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My partner is angry and abusive. If I say I’m going to leave he threatens to kill me. The Guardian.

Dear Annalisa

I have been with the same partner for 10 years and we have a young child. I am feeling absolutely desperate and don’t know what to do.

We argue constantly; he thinks I am incompetent. I try my best to end arguments, but even if I agree with everything he says he still gets angry with me. Almost daily it descends to the point where he calls me a horrible name. I have tried to tell him this is unacceptable, but he says he uses it to shock me when he thinks I am being really horrible.

He is always moody, no matter how hard I try to make him happy. He constantly makes remarks about how I’ve ruined his life. We have the most lovely, happy child, and I am so worried about what effect all this will have.

It has come to the point several times lately where I have asked him to leave, but he has said twice that he will kill me and our child before doing so. Most recently, and with this in mind, I packed our things so my child and I could leave instead. I told him I was frightened for our safety and he said it was just a joke and that he would never hurt us, but that if I took it seriously then that would make him take it seriously and then he might mean his threat.

He thinks it is ridiculous that I would take it seriously. He has never physically hurt me or our child.

I feel so trapped. I want more than anything for us to have a happy life, but even in the happiest situation he always finds some excuse to tell me how useless I am. If you have any advice on how I can make him see that the way he speaks to me is not acceptable, that would really help me.

I wish I could. But in order for your partner to see that the way he is behaving is not acceptable he would have to take responsibility for his actions and he is clearly not capable of that. Plus, with an abusive man, I would fear for your safety if you “stood up to him” or tried to make him see that it’s his behaviour that is at fault.

His threats to kill are not only unacceptable, but criminal acts (Offences Against the Person Act 1861) and your safety and the safety of your child must take top priority. If you ever feel in danger, you must call 999.

It is not acceptable for a partner to call you the names he does to keep you in line or to “shock” you, nor to taunt you about your past (in your longer letter, cut for privacy), nor to make you feel you are incompetent. You are also right to have concerns about your child: they will be increasingly aware of the abuse you are suffering.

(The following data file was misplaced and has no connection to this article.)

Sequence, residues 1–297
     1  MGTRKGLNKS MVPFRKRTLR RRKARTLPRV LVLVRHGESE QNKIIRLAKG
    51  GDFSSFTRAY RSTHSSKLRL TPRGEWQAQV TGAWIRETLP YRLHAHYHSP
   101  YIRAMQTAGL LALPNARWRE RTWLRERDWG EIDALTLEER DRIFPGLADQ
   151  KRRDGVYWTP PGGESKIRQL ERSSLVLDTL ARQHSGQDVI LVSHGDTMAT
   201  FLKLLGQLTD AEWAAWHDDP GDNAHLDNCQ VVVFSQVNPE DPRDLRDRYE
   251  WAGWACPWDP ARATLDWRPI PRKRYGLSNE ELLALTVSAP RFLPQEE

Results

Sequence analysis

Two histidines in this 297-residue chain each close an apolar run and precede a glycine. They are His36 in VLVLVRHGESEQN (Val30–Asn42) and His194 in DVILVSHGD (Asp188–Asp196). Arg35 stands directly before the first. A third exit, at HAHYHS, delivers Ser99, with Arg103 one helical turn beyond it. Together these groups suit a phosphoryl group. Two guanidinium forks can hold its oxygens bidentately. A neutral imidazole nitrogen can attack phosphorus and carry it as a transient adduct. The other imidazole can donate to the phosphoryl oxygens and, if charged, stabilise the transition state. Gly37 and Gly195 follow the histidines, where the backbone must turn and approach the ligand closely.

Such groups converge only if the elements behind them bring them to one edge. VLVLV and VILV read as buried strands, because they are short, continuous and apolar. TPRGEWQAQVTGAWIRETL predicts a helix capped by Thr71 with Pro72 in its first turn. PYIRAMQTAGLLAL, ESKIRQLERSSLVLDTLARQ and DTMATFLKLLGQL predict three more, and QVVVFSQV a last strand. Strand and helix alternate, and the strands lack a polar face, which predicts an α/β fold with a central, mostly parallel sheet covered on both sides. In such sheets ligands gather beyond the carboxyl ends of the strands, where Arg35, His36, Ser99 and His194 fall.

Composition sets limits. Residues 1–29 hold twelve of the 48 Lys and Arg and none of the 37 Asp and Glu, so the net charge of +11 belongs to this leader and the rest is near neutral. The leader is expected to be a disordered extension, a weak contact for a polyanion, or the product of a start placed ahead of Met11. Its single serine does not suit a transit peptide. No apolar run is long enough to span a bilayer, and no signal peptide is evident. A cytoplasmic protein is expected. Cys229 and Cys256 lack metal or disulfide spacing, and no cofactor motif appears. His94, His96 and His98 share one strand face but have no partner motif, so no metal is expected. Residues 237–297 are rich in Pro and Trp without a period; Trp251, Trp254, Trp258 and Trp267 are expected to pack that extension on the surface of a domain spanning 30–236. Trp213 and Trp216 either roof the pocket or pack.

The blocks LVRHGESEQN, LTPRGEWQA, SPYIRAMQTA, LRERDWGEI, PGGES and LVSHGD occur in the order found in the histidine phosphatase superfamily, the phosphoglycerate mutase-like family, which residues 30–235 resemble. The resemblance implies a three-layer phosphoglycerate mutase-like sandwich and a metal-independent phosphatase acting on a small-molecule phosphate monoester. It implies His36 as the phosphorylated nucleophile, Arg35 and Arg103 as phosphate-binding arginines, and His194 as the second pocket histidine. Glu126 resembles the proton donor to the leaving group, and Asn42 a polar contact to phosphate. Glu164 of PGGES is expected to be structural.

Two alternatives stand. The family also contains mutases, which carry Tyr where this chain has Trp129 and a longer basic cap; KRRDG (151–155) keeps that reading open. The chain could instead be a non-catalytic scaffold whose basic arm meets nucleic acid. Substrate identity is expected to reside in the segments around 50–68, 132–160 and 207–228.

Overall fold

Abusive men are often at their most dangerous when they fear losing control

I am glad he has never physically hurt you, but that doesn’t mean he is not abusive – abuse takes many forms. His behaviour falls very much within the definition of domestic violence (DV), specifically coercive control, which will become a criminal offence (section 76 of the Serious Crime Act 2015) by the end of 2015. You may want to look up the power and control wheel, which may help you to understand that what you are experiencing is abuse.

I realise that when you are in such a situation, you try to rationalise it and try to somehow make it “OK”, because facing up to the reality you are in is terrifying and painful.

Abusive men are often at their most dangerous when they fear losing control – at the point of separation. Please do not tell him about any action you may be about to take or are thinking of taking.

A good place to start talking things through is with the National Domestic Violence helpline (0808 2000 247), which is run in partnership by Women’s Aid (womensaid.org.uk) and Refuge (refuge.org.uk). They can talk you through what protection is available to you, both practical and emotional, and there is plenty of information on the websites. The organisations may put you in touch with a local refuge or support group and may also give you practical advice about keeping vital documents safe and out of the home.

You do not tell me anything about your legal or financial situation, or what support you have around you. It is essential that you find out what legal and practical protection is available for you and your child. Rights of Women (rightsofwomen.org.uk) has useful legal information online (you can also ring its helpline on 020-7251 6577, only open at certain times, and do try again if it’s busy), including how to get DV injunctions, including a non-molestation order and information on legal arrangements for your child, and a guide to family law legal aid.

Although there are organisations that can help to support men to address their violence (Respect and the Domestic Violence Intervention Project), these are best approached ONLY after separation, if you manage to separate safely and he can accept responsibility for his actions.

I would absolutely not recommend these as a first course of action because a) he has threatened to kill you both and b) it is not your job to fix him. I would also consider reporting his threat to kill you to the police, but I understand that you may not want to do this until you are safe.


This article first appeared in the Guardian Family section on 18 December 2015.